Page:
Building New Habits and Taking Back Your Time

The first day the stay-at-home issue was ordered in my county, I had spent the entirety of my day locked away in my room with my eyes locked on my phone screen. I would desperately scroll through each and every app seeking some sort of entertainment or even just the slightest bit of serotonin. I looked for absolutely any black hole to fall through, whether it was the depths of Twitter, Snapchat, Instagram, Tik Tok, or Netflix, nothing could distract me from the seemingly everlasting time.

Until this point in my life, I never felt like I had enough time, but now I had so much of it, and nothing to do. I had gone from the start of what was supposed to be the most exciting period of my life to a complete state of stagnation, which initially felt like a complete shock to my system.

It took a week of me wasting time to come to the realization that I was looking at things from the completely wrong perspective. If I wanted to simulate somewhat of a normal life, I had to utilize my time instead of throwing it away. Quarantine shouldn’t be an excuse to waste away but a motivation to form new habits that I can maintain far after this is over.

Starting new habits is merely a game of repetition, and it starts with a small change that gradually compounds into something bigger. Along the way as you continue to build onto your habit, it’s helpful to start with a broken-down version of it and build up to the cohesive form. Pace yourself accordingly, and make sure to build some sort of structure into your life to follow. It’s perfectly okay to miss a day but just make sure one day doesn’t become two.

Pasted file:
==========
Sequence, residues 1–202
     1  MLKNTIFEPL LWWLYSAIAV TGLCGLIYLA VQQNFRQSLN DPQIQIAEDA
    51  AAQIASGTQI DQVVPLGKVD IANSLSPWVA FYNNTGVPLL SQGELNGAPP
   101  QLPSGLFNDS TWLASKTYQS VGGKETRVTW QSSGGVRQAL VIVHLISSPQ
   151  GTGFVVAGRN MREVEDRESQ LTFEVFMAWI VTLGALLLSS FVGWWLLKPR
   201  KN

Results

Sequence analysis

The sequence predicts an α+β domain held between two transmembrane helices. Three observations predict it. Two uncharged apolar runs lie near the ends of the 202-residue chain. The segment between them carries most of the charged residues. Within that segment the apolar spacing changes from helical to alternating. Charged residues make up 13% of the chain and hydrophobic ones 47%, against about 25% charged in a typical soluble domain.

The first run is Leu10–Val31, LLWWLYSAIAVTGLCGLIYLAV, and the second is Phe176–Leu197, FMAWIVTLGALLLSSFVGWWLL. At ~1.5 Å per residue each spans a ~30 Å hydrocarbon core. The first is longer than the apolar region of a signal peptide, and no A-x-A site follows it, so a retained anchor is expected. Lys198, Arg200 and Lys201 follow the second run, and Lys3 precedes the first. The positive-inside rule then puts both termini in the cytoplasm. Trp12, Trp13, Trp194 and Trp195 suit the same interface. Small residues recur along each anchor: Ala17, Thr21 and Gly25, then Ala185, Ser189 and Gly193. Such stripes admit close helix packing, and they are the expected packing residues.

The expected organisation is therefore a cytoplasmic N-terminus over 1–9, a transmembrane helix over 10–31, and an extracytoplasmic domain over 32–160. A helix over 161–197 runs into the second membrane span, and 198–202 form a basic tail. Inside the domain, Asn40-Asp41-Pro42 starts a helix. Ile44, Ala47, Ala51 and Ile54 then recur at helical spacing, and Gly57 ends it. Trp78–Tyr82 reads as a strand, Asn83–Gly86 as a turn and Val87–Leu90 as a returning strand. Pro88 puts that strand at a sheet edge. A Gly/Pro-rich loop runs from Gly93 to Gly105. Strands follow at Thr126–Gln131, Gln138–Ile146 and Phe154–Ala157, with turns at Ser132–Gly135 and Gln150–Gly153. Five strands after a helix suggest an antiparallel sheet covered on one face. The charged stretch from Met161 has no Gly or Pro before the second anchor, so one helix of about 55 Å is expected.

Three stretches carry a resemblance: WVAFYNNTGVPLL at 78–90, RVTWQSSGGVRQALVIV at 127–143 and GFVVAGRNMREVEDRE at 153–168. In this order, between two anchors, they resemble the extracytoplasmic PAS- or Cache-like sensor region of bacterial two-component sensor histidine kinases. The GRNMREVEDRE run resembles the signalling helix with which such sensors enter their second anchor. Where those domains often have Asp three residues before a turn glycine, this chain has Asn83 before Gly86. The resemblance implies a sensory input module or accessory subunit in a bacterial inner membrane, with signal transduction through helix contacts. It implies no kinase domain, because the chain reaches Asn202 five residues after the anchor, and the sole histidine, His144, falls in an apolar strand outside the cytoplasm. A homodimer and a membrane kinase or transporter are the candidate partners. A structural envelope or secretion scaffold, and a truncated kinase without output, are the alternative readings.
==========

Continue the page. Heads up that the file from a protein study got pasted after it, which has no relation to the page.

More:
One way I applied this to my life was through exercising. As a washed-up high school athlete turned lazy college student, staying active was always a goal I had in the back of my mind, but something I never tackled until now. The key is starting with slow cardio, getting your body back into the wave of things. I started with probably the slowest and shortest run of all time, and then I slowly built up endurance over time. When I didn’t feel like running, I would try to ensure I broke some sort of a sweat through another activity such as biking. Eventually after the first few weeks, instead of my little sister having to drag me out of the house to go on a run I began to do it myself, and it’s become one of the few things I have actually trained myself to look forward to.

Woman running with a sunset in the background

Forging a new habit could exactly be the structure you’ve been missing in what feels like a completely chaotic feeling time. Make sure you do something for the betterment of yourself during this quarantine, and don’t underestimate the everlasting importance of time and what you do with it.